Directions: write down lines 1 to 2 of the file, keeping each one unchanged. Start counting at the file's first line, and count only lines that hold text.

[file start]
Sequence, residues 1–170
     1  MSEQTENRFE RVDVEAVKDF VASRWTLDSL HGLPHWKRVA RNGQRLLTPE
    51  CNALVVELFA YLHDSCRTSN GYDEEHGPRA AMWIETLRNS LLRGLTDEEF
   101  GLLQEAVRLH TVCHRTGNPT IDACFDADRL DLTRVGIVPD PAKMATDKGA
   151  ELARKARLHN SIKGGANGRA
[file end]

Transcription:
Sequence, residues 1–170
     1  MSEQTENRFE RVDVEAVKDF VASRWTLDSL HGLPHWKRVA RNGQRLLTPE